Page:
3. Healthier Kids Meals
The center for disease control (CDC) (define what this is) continues to monitor the obesity epidemic in the United States. Not only has this trend affected adults, but children continue to be the heart of the problem. In a recent report, the CDC revealed that over 17% of the adolescent population is considered obese. As a result of this trend, 73% of survey participants pointed to healthier kids meals as a hot trend in 2016. Restaurants are now seeking alternative options for healthier kids meals. More specifically they are looking for fruit and vegetable kids side items, oven baked items, and 100% juice options. This is one of the reasons we have seen such an increase in popularity of sweet potato fries as they are a healthier alternative to regular white potato fries. If you are ever looking for a “gateway vegetable” for your kids, try sweet potatoes.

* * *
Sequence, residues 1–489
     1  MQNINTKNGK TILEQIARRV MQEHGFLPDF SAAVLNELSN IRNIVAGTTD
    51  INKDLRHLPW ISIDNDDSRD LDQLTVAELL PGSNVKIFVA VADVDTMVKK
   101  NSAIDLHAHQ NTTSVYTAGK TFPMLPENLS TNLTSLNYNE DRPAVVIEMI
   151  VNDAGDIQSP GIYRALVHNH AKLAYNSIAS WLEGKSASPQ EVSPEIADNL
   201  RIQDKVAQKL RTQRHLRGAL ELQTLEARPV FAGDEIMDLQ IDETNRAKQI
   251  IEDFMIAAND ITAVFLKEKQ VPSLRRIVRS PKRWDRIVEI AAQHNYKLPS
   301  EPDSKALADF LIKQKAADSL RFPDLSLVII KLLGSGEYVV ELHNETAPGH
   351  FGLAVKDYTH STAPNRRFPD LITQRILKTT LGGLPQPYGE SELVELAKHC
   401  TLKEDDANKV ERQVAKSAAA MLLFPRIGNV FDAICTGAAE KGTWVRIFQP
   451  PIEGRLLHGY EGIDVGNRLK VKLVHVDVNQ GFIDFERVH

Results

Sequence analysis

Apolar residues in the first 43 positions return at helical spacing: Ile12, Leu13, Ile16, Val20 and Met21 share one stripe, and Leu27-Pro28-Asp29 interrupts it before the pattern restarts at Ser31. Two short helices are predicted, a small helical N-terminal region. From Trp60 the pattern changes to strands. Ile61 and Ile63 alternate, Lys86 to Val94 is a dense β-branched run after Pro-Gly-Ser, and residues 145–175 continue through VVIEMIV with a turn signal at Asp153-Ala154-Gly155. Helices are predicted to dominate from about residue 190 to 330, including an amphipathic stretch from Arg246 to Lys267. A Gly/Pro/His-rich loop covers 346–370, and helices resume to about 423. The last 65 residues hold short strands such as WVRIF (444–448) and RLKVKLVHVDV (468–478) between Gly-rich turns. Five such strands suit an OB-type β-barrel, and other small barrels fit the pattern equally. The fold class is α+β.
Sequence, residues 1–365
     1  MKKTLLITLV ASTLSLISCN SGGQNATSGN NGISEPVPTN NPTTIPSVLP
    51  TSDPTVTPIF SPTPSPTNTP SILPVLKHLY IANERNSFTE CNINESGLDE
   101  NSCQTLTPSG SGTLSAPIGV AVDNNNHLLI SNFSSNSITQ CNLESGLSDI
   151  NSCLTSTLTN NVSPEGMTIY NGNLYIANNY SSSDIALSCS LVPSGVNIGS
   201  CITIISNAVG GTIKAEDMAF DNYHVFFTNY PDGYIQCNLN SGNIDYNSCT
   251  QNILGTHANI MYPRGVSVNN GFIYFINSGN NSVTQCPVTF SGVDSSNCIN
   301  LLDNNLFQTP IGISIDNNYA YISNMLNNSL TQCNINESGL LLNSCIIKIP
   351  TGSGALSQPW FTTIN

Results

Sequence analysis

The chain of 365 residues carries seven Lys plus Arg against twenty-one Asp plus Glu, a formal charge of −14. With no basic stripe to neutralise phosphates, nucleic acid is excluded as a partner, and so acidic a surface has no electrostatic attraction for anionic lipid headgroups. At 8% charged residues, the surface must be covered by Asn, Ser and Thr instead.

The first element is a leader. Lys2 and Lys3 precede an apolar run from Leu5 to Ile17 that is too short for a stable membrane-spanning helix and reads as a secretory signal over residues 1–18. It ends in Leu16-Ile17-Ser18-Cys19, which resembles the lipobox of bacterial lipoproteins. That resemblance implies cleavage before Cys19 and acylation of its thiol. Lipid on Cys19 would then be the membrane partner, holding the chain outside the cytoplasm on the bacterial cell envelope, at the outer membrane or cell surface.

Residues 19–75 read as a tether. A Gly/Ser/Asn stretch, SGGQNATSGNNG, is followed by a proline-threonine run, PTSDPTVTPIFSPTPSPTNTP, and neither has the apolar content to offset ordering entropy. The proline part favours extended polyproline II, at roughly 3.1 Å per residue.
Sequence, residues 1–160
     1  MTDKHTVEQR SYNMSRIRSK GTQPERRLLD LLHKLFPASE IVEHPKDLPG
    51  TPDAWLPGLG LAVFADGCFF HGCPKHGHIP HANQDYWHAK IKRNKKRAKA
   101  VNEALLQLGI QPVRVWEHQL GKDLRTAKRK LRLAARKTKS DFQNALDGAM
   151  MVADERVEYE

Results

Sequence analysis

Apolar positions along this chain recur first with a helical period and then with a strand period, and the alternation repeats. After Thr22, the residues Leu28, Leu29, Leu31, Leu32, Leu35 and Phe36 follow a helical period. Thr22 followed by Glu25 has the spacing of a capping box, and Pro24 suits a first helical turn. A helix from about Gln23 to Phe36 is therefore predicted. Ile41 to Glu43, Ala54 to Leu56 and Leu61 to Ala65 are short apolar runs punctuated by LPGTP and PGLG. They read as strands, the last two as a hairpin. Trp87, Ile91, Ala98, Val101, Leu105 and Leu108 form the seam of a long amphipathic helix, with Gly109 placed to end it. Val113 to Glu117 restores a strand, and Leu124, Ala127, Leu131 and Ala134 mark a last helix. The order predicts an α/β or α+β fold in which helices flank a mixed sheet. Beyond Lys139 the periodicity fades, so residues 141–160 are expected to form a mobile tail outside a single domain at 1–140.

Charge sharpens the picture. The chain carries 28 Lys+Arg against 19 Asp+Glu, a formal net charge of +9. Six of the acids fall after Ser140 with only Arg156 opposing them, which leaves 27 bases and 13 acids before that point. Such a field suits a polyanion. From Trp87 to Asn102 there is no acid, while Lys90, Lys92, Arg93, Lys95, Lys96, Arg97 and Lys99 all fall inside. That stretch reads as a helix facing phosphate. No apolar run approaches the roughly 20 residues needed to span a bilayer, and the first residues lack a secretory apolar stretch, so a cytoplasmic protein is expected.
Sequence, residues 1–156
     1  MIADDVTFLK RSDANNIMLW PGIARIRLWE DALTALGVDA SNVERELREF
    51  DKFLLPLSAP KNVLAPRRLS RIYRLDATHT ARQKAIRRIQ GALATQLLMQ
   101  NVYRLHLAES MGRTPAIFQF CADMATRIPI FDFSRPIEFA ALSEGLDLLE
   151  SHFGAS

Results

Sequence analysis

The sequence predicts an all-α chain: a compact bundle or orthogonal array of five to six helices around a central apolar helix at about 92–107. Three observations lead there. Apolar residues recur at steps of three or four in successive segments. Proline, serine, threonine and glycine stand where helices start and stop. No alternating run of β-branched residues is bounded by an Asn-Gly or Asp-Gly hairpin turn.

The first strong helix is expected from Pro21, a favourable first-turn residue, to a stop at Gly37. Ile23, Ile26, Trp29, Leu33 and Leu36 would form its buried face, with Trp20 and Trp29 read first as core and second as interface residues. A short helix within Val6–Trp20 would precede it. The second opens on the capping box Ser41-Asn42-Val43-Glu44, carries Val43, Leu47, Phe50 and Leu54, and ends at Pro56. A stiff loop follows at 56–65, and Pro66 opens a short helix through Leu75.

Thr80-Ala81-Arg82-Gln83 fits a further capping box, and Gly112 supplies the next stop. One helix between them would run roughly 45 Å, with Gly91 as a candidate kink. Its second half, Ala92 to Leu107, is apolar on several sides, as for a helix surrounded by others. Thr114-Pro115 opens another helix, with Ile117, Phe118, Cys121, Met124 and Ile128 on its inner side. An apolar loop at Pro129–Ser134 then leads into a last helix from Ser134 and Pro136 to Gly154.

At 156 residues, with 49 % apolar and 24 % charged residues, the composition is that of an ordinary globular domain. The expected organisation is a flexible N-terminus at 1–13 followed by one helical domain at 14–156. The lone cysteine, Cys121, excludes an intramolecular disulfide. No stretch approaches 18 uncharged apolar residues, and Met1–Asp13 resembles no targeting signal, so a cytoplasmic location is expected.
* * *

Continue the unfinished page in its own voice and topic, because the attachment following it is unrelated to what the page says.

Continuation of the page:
4. Farm/Estate Branded Items
Brand development for produce companies and farms has become an integral part of the industry. Now, restaurants want to display these brands on their menus and advertisements. In fact, 69% of participants pointed to farm branded items as one of the hot trends in 2016. Not only do restaurant owners want respected produce brands, but their customers want the exact same thing.

As a result of these factors we have a seen an increase in demand for our sweet potatoes and sweet potato products in the restaurant industry. Next time you order a sweet potato side dish, main dish, or even dessert ask the waiter where your potato comes from. Chances are it is from eastern North Carolina.

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Tomato or ToCODo; A New Look at GMO's in Europe

May 10, 2016